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How Much Does It Cost for Somalia to Ban Khat for a Week? Millions.

During a brief ban on khat trade in Somalia, Kenyan farmers lost millions of dollars.

A Somali trader takes khat, a mild narcotic drug meant for exports to Somalia, out of bags, 21 June 2003 at the small Wilson airport in Nairobi. Kenya has imposed a ban on all flights from the country into war-wracked neighboring Somalia, sources at Nairobi Airport's control tower said 21 June. Kenya has in the past accused Somalia, which has not had a recognised government since dictator Mohamed Siad Barre was overthrown in January 1991, of being responsible for the infiltration of arms into the country.     AFP PHOTO/SIMON MAINA  (Photo credit should read SIMON MAINA/AFP/Getty Images)
A Somali trader takes khat, a mild narcotic drug meant for exports to Somalia, out of bags, 21 June 2003 at the small Wilson airport in Nairobi. Kenya has imposed a ban on all flights from the country into war-wracked neighboring Somalia, sources at Nairobi Airport's control tower said 21 June. Kenya has in the past accused Somalia, which has not had a recognised government since dictator Mohamed Siad Barre was overthrown in January 1991, of being responsible for the infiltration of arms into the country. AFP PHOTO/SIMON MAINA (Photo credit should read SIMON MAINA/AFP/Getty Images)

Every day, Kenyan and Ethiopian farmers pick a huge amount of fresh khat leaves — the herbal stimulant chewed to achieve a high similar to the effects of amphetamines — and sell it to traders who package it up and send it off to Somalia by truck and plane.

According to anti-khat campaigners, the drug trade in Kenya brings in upwards of $400,000 a day, thanks to healthy demand for khat in Somalia, where it is legal to chew the leaves but not to grow them. Some 15 cargo planes full of khat arrive in Somalia each day, where the leaves — which are also known as miraa — are promptly sold before they lose their potency after around 24 hours.

That means that the thousands of Kenyans who participate in the trade collectively lost millions of dollars when Somalia abruptly banned the trade last week, ahead of a regional meeting of African leaders in the Somali capital of Mogadishu.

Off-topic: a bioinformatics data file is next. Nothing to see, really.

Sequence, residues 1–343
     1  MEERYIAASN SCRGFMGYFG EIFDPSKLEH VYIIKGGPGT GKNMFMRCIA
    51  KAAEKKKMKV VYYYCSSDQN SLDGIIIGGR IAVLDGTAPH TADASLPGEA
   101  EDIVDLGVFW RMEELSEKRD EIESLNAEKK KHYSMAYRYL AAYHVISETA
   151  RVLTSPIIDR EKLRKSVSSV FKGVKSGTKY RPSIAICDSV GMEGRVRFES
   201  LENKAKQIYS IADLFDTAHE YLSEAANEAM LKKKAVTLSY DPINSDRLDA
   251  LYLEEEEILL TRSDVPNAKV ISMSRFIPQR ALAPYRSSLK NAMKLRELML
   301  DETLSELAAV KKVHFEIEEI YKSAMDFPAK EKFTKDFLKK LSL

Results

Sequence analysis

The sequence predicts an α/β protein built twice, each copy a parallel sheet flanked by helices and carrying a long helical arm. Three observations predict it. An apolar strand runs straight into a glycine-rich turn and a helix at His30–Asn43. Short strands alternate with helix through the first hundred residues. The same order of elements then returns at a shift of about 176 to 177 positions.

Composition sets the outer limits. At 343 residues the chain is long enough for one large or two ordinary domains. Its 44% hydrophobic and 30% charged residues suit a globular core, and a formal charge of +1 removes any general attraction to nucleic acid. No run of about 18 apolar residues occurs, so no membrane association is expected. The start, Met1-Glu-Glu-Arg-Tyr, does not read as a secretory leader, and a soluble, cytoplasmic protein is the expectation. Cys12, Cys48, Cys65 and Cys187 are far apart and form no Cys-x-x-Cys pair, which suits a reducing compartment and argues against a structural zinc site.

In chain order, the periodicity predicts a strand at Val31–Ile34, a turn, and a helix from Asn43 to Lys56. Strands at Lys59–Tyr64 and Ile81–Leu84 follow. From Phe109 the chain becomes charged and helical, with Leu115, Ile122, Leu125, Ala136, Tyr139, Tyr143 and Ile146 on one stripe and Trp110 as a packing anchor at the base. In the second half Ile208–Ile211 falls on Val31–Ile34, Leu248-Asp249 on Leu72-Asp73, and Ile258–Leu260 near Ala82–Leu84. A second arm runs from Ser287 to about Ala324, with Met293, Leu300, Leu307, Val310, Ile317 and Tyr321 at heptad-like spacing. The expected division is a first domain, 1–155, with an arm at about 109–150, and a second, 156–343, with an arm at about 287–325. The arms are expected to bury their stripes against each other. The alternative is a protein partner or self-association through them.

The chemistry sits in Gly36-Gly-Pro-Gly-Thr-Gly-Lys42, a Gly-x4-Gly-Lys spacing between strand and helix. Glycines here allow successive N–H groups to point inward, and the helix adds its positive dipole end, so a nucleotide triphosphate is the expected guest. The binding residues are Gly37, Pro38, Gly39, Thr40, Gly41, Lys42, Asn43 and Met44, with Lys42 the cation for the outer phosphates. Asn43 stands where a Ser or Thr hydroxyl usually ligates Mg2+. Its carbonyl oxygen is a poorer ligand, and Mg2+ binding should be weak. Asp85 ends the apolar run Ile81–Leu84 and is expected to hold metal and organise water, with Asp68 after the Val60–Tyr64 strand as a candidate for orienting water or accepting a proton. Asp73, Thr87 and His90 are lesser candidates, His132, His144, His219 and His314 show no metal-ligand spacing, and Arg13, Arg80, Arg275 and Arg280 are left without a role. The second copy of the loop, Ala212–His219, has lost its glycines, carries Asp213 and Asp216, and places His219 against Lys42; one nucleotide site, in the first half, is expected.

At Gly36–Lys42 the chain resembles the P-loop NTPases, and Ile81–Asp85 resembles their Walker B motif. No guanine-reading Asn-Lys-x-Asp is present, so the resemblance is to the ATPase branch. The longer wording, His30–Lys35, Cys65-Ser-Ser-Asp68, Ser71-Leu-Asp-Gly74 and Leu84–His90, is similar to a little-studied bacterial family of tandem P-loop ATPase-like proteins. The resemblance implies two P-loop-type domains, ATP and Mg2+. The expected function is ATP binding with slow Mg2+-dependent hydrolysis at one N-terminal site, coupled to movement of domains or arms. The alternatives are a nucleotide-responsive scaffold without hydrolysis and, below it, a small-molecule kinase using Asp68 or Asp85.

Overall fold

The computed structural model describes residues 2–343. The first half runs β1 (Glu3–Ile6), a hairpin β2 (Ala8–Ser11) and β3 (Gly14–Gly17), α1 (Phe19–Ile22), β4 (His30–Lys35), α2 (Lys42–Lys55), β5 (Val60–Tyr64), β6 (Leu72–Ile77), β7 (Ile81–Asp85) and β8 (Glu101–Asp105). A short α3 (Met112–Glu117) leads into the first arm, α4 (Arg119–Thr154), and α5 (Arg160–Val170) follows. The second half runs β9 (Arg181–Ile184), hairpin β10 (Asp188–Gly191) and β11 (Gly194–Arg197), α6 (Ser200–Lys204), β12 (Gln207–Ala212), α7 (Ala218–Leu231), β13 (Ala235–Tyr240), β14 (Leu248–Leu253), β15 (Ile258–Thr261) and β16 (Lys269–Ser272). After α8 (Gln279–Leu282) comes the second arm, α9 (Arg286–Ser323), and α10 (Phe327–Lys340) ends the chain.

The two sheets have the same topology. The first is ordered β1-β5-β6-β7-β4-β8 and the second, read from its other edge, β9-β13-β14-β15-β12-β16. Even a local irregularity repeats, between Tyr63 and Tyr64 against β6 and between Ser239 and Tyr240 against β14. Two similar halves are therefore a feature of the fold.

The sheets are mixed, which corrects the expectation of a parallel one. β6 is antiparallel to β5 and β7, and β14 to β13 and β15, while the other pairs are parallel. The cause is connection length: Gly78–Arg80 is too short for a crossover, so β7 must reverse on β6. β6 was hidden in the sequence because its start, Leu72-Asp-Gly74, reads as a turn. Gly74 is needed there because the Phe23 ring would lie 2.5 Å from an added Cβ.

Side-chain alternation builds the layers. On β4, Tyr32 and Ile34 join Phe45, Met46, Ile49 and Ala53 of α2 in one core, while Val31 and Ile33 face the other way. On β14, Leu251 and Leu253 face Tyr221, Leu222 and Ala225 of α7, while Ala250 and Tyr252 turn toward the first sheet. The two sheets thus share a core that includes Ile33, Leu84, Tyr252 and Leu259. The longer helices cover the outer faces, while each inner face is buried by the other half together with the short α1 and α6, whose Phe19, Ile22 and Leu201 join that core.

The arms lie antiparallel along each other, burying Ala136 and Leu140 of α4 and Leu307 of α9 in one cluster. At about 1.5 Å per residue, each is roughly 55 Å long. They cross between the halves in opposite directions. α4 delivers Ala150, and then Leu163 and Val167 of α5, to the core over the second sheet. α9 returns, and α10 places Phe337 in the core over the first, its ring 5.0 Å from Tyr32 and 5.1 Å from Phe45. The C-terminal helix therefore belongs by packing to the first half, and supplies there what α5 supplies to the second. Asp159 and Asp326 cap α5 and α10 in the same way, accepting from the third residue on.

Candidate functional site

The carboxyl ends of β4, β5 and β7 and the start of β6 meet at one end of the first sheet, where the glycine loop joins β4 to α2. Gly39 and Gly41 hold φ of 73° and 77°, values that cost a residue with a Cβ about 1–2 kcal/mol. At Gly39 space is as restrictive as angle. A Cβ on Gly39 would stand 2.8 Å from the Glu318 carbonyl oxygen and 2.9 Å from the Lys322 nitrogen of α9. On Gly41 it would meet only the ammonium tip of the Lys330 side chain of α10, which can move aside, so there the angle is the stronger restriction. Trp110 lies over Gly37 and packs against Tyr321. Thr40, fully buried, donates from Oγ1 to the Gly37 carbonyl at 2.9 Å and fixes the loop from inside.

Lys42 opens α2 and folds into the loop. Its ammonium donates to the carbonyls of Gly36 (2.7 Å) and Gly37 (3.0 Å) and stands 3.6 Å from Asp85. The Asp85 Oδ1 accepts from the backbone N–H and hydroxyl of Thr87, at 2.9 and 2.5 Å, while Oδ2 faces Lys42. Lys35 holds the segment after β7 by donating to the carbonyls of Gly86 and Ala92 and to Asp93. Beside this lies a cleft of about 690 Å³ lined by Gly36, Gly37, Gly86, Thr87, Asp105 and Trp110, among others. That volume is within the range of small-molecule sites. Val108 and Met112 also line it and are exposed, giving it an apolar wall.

“This is a big loss to us,” Dave Muthuri, who chairs the Kenya Miraa Farmers and Traders Association, told journalists last week. “Farmers are crying because of the loss they are incurring. It caught everyone off-guard.”

A reason for the ban was never explained, although it was lifted relatively quickly after Somali President Hassan Sheikh Mohamud met with his Kenyan counterpart, Uhuru Kenyatta, on Tuesday evening.

On Wednesday morning, two flights carrying khat landed in the Somali capital — which likely came as a relief not only to the traders who lost money from the ban, but also for the Somalis who are dependent on the highly addictive leaf. In recent years, researchers have said that Somalia has one of the highest percentages of khat users in the world, and that up to 75 percent of the adult male population chews the leaf. Somalia has only recently transitioned to shaky, partially democratic rule. In the years the country was ruled by warlords, the United Nations found that the khat trade helped finance their procurement of weapons.  

In the United States, United Kingdom, and most of Europe, khat leaves are banned and considered a substance as dangerous as many other illegal drugs.

On Twitter on Wednesday, one user suggested a new campaign slogan for Mohamud, who’s up for re-election this fall: “Let’s Be High Again.”

But anti-khat campaigners called the reversal an “historic mistake.”

Photo credit: SIMON MAINA/AFP/Getty Images

Siobhán O’Grady is a freelance journalist working across sub-Saharan Africa. She previously worked as a staff writer at Foreign Policy. @siobhan_ogrady

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